Formaggio Kitchen Blog

Peaches and Nectarines: A Lesson in Botany

Masumoto Peaches

June Crest yellow peaches harvested by Masumoto Family Farms in Del Rey, California.

The heart of June often evokes a childhood nostalgia for summer vacation, as evidenced by a recent discussion in the office here at Formaggio Kitchen. Among trips to the beach, overnight camp and baseball games, many staff members agreed upon the taste of ripe peaches and nectarines when asked what truly evoked childhood summer memories. Somewhere in the midst of the office chatter, a little known fact was brought to light: peaches and nectarines are not separate varieties of stone fruit, but actually biologically identical with only contrasting skin textures (peaches are fuzzy, nectarines are smooth). Understandably, this piece of information perplexed quite a few people in the room, but before any scientific explanation was offered, the lunch rush began at the shop and it was time to get back to work. As the produce manager at Formaggio Kitchen and among those recently enlightened, I vowed to further research the subject and share my findings.

Produce Boxes

Formaggio Kitchen Produce buyer Emily Shannon with assorted stone fruit boxes from some of our favorite California growers. (From top to bottom: Masumoto Family Farms in Del Rey, CA; Naylor’s Organic Family Farmstay in Dinuba, CA; Ferrari Farms in Linden, CA; Twin Girls Farm in Cutler, CA; Homegrown Organics in Porterville, CA)

Much like their incredible aroma and flavor, the biology and genetic makeup of nectarines and peaches is rather complex. Also known as stone fruit, nectarines and peaches fall into the genus Prunus, alongside almonds, apricots, cherries and plums. Species of this genus are woody, with perfect spring flowers with an ovary that matures into the fruit, or drupe. Each drupe is divided into two parts: the mesocarp (outer skin and flesh) and the endocarp (inner pit).

Now that it’s clear that peaches and nectarines are scientifically the same fruit (Prunus persica), what gives the peach its distinct fuzzy skin?

High school biology class teaches that genes are the unit of heredity transferred from parent to offspring. Alleles are the possibilities of said gene, resulting in varying physical attributes. In nectarines and peaches, fuzzy skin is the dominant allele. Nectarine trees occur when both parents pass the recessive allele for smooth skin to its offspring. This Punnett square illustrates a sample genetic cross, with the capital F representing the dominant allele for fuzz, and lowercase f representing the recessive allele for smooth:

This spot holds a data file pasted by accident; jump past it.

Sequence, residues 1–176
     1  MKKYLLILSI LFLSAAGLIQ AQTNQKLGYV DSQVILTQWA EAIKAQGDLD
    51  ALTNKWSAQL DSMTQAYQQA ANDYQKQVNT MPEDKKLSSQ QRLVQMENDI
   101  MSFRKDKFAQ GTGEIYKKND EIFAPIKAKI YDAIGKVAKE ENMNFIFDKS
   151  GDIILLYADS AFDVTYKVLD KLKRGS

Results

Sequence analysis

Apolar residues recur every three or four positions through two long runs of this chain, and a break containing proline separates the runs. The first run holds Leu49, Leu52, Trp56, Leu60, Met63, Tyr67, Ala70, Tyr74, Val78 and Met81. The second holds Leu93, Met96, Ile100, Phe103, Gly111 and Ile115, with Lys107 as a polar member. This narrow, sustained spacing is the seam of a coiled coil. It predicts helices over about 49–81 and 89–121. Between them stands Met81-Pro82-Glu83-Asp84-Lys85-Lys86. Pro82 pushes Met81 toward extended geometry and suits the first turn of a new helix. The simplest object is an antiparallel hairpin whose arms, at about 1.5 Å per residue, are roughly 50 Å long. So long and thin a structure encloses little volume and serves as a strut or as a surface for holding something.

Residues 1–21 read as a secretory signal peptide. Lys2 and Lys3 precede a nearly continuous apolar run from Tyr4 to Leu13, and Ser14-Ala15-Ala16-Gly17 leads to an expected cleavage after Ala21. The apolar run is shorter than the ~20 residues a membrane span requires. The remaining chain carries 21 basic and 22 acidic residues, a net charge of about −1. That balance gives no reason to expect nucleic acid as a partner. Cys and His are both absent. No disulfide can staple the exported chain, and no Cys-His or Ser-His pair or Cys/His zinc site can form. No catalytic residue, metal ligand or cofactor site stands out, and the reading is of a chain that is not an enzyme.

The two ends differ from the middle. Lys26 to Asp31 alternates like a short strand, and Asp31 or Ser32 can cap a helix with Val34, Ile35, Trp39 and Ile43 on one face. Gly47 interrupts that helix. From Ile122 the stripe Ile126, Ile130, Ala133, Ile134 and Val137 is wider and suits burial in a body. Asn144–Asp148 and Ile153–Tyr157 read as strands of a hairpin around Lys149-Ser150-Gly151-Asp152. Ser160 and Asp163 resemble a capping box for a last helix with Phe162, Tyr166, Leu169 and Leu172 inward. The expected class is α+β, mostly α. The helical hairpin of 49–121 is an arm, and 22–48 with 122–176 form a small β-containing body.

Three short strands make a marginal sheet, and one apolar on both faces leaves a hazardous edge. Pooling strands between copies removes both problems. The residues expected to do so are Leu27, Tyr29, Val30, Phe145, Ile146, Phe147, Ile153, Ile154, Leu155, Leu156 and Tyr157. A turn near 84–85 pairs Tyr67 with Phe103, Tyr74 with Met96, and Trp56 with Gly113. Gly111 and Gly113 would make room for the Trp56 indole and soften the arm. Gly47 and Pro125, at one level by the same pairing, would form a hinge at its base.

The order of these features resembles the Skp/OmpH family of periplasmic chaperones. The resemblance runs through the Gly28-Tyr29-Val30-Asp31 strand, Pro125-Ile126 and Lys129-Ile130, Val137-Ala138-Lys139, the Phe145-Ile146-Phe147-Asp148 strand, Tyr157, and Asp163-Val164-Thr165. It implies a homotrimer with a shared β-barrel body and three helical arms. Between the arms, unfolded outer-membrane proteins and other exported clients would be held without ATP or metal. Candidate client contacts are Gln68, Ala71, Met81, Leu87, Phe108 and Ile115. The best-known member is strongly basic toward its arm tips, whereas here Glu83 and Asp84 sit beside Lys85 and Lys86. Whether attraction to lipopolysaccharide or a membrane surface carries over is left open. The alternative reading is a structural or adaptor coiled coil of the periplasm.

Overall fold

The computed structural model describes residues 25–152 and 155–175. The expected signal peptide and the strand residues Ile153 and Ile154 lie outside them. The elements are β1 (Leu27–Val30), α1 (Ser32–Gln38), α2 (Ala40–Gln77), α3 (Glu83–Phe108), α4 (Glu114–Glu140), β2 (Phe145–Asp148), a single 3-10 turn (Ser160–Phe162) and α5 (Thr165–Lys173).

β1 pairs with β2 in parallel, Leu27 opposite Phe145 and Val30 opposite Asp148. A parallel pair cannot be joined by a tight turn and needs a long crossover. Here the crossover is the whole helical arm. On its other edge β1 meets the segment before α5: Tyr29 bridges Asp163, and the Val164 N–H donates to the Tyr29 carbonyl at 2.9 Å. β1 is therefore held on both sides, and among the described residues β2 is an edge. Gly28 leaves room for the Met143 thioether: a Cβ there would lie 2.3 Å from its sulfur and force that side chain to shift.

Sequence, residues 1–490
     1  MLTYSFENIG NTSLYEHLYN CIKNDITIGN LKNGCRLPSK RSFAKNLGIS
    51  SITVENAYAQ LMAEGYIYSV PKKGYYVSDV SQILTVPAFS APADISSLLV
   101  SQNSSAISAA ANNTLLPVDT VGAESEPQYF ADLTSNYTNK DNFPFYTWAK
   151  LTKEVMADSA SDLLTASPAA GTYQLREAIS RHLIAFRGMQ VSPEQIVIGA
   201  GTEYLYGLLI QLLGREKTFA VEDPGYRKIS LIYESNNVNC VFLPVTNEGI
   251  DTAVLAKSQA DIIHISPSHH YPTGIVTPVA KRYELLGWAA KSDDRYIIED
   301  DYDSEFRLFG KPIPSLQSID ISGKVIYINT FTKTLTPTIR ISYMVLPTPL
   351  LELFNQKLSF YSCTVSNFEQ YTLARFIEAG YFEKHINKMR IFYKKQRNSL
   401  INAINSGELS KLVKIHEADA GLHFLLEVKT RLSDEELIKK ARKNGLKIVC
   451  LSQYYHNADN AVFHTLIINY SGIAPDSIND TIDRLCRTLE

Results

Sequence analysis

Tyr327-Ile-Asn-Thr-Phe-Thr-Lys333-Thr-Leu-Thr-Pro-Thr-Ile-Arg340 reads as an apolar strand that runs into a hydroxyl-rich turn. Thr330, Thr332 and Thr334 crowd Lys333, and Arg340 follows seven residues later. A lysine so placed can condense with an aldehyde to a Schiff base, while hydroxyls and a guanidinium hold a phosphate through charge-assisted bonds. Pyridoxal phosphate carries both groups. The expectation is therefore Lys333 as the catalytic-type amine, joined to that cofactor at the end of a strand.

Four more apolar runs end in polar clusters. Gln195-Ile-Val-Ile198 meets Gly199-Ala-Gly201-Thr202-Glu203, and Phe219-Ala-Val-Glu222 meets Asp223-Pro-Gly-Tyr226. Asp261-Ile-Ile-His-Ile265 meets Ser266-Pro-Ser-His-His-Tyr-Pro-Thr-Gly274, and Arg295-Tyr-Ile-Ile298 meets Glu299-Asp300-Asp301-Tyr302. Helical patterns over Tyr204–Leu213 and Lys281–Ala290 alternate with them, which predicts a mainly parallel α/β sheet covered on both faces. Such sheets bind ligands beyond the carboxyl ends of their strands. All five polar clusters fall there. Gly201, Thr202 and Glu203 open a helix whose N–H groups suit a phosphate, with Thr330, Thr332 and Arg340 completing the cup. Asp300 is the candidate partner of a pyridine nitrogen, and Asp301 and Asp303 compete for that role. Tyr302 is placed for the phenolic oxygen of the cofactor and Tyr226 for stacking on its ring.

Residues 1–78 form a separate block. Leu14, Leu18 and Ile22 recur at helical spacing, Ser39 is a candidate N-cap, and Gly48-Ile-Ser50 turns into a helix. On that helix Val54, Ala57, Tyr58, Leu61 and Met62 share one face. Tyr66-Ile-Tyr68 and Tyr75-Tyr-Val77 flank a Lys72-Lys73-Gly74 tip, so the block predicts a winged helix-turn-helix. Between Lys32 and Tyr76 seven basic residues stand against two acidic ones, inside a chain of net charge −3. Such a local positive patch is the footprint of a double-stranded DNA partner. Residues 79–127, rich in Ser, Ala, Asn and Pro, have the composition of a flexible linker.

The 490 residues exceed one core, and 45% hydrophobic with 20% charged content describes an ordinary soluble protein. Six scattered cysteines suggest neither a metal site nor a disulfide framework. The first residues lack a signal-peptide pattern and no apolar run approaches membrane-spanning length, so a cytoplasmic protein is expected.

Peach Punnett Square

Peach punnett square showing recessive alleles for nectarine propagation.

In addition to this variant, peaches and nectarines may either be white or yellow fleshed, freestone or clingstone. Yellow fleshed fruit tends to be higher in acid than its counterpart, with a bracingly tart yet pleasant flavor that excels in baked goods. In contrast, fruit with a white flesh are lower in acid with a sweet, floral flavor, perfect for eating out of hand. As one may deduce from the name, freestone fruit has a pit that will fall easily away from the flesh when halved, whereas clingstone has a pit that will messily cling to the fruit.

There is absolutely nothing sweeter than selecting a locally grown peach, but while we wait for the delayed New England harvest, we work closely with SF-based produce distributor Veritable Vegetable. A certified B corporation, Veritable Vegetable places high value in strengthening communities and sustainable practices by supporting small, organic farms that specialize in heirloom varieties of fruit and vegetables. Through Veritable Vegetable we have been granted access to some of the best fruit grown in the United States, including fruit grown by David Mas Masumoto in Del Rey, California. Recent author of LA Times pieces reflecting upon the severe drought in California, David Masumoto is not only a source of farming knowledge and technique, but also an advocate of sustainable growth and resource management. At Formaggio Kitchen, our produce department sources extremely high quality stone fruit from both local and California farms that have been left to mature on the branch for as long as possible, encouraging proper ripening and greater depth of flavor. By choosing excellent growers, we find that we have some of the best tasting and most interesting varieties available on the East Coast.

Our cheesemongers suggest pairing stone fruit with various styles of cheese, but we enjoy pairing juicy summer stone fruit with Robiola Roccaverano DOP, a creamy goat milk robiola from Piedmont, Italy or alongside a few slices of La Quercia speck from Norwalk, Iowa.

 

Emily Shannon is the Produce Manager at Formaggio Kitchen Cambridge.

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